It's getting late in the year, and it's about time to start looking forward to 2011. While we can speculate about a great many topics, few trends are going to be as important to anticipate as those related to security. We asked an expert in the field about some of the things he is anticipating. WebProNews interviewed Paul Wood, MessageLabs Intelligence Sr. Analyst at Symantec Hosted Services about what businesses and consumers can expect to deal with in order to stay secure over the next year.
Mobile Phones and Tablets
First off, we asked what implications all of the new mobile devices and tablets coming out have on security in the coming year. "Three trends emerge," Wood tells us. "Increased mobile device processing power will mean more opportunity for malware to run on these devices. As their numbers and use increase, they become a viable target for attackers. Many brands of mobile devices will share the same chipsets and threats targeting vulnerabilities in some chipsets will emerge in 2011."
"Increased convergence from a technology perspective means that more people than before are using mobile devices to access their email and social networking circles," he continues. "From a corporate perspective, business users will be accessing business data and services whilst on the move – often outside the boundaries of the physical corporate network – so applying the same rules to enforce acceptable usage policies, for example – will become more important."
"Security protection will be required to work seamlessly across many platforms as users switch between devices and laptops used to store and transmit information online," he adds. "Businesses will look to the cloud to secure their information longer-term, irrespective of how the data is accessed. There will also be a drive for stronger cloud-based authentication and for the cloud to remove malicious threats before they reach the network or device."
Social Media Threats
When asked whether social networks like Facebook and Twitter will start becoming bigger security problems or less of an issue in the next year, Wood says, "Social networking will continue to be a persuasive force and will continue to be exploited as a means of running confidence tricks – social engineering attacks - and for distributing malware. The level of risk will remain unchanged from this year, but the level of sophistication involved may increase. This may manifest as phishing attacks to compromise legitimate accounts and third-party apps may be likely to continue to be a source of malware and attacks against privacy. We expect to see more fraud targeting virtual online currencies."
As you're probably aware, location sharing is becoming more common thanks to capabilities in mobile phones as well as the market saturation of check-in apps. We asked Wood if threats based on the sharing of location are going to become a bigger problem. "Probably not, it’s difficult to see how to monetize attacks over the internet using location sharing," he says. "One attack that may be predicted is for malware faking location information in order to boost ranking or prominence of the spoofed location. This type of information will be of value in the reconnaissance stage prior to a targeted attack, or perhaps prior to burgling someone's house - the robber can know the owner is elsewhere."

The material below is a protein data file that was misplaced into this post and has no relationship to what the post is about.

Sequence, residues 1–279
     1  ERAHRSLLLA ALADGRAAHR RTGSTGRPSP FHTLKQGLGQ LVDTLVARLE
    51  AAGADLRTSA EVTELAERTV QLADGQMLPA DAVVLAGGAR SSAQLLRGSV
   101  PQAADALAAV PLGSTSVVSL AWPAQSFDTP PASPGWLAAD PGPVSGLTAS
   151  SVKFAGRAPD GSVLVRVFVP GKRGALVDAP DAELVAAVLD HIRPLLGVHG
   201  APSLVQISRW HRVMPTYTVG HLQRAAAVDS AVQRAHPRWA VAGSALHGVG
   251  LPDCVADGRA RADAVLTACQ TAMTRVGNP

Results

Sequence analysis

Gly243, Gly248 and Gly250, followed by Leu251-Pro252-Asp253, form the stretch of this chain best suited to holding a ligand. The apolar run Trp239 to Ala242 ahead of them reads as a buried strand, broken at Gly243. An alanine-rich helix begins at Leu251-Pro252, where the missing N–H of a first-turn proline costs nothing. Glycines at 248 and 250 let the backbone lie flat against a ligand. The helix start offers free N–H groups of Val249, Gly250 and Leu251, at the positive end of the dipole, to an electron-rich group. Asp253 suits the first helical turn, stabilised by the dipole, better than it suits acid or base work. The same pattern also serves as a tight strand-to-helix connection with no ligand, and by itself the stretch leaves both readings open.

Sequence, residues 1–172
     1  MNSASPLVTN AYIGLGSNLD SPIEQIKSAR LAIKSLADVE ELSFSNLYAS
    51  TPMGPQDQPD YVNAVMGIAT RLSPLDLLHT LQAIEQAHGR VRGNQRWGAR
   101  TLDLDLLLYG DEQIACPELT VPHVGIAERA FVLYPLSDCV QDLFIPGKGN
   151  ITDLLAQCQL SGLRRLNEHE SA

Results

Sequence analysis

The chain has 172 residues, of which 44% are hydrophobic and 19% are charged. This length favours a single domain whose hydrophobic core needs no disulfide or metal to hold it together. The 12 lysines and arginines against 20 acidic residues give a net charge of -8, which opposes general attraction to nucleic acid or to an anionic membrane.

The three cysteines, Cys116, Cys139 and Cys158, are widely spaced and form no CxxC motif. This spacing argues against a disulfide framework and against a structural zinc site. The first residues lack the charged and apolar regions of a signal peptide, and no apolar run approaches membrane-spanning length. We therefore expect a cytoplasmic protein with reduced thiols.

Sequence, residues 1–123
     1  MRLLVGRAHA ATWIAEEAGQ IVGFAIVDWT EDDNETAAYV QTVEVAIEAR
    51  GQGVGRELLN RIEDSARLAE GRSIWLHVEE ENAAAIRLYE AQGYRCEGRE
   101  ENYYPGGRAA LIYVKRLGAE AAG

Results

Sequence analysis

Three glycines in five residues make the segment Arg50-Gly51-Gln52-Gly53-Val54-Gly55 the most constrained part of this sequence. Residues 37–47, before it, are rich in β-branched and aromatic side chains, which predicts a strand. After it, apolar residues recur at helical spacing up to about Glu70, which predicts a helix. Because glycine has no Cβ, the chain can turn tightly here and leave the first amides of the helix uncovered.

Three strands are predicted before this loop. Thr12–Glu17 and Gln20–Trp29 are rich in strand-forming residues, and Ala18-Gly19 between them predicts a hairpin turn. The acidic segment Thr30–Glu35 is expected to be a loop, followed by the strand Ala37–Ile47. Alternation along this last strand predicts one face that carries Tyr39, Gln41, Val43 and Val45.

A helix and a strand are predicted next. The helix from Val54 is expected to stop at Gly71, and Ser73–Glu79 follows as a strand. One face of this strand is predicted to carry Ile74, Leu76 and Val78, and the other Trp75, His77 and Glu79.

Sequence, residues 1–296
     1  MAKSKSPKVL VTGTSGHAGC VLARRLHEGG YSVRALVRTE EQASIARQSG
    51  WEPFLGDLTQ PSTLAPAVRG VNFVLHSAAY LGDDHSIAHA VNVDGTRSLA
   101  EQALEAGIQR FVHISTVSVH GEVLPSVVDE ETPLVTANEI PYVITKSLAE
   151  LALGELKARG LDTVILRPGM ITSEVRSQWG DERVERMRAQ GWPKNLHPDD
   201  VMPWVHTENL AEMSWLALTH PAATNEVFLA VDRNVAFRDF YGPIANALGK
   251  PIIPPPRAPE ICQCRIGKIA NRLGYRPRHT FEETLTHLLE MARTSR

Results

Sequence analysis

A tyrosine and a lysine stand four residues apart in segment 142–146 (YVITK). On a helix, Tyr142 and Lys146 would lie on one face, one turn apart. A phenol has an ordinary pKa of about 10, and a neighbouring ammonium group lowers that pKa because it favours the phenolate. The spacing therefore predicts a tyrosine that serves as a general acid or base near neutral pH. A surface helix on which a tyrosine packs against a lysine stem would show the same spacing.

You may recall a site/Twitter account called PleaseRobMe, dedicated to illustrating that very point.
As far as changes over the next year with regards to email spam, Wood says, "It's going to remain in excess of 90% of all email for most of 2011. Botnets will continue to be a major threat and a major source of spam – currently 90% of spam is sent from botnets."
"Spam will increasingly use URL shortening links as these are legitimate domains – we may even find a legitimate shortening domain being compromised or spammers establishing their own such services, using disposable domain names and chaining them together," he predicts. "Spam will increasingly make use of the news and current affairs by consuming RSS feeds from major news aggregators and using these headlines as subjects in the messages. More spam will be sent from new economic areas, particularly East Africa as increased broadband capacity is deployed in the region."
The One Thing Businesses Should Do
Finally, we asked Wood if he could name one thing as the single most important step businesses should take to protect their data, what would it be?
"Know what it is that you’re trying to protect," he answers. "Too many businesses look for magic bullets that will make security go away. The reality is that security is achieved by knowing what it is that you are trying to protect - know your assets, who has access to these assets and under what circumstances, and what are the attacks directed against the assets. By considering these issues, businesses can build coherent defences that protect their systems yet also allow employees to get on with their work."
Symantec's Kevin Haley has some more interesting predictions for 2011 in a new report here.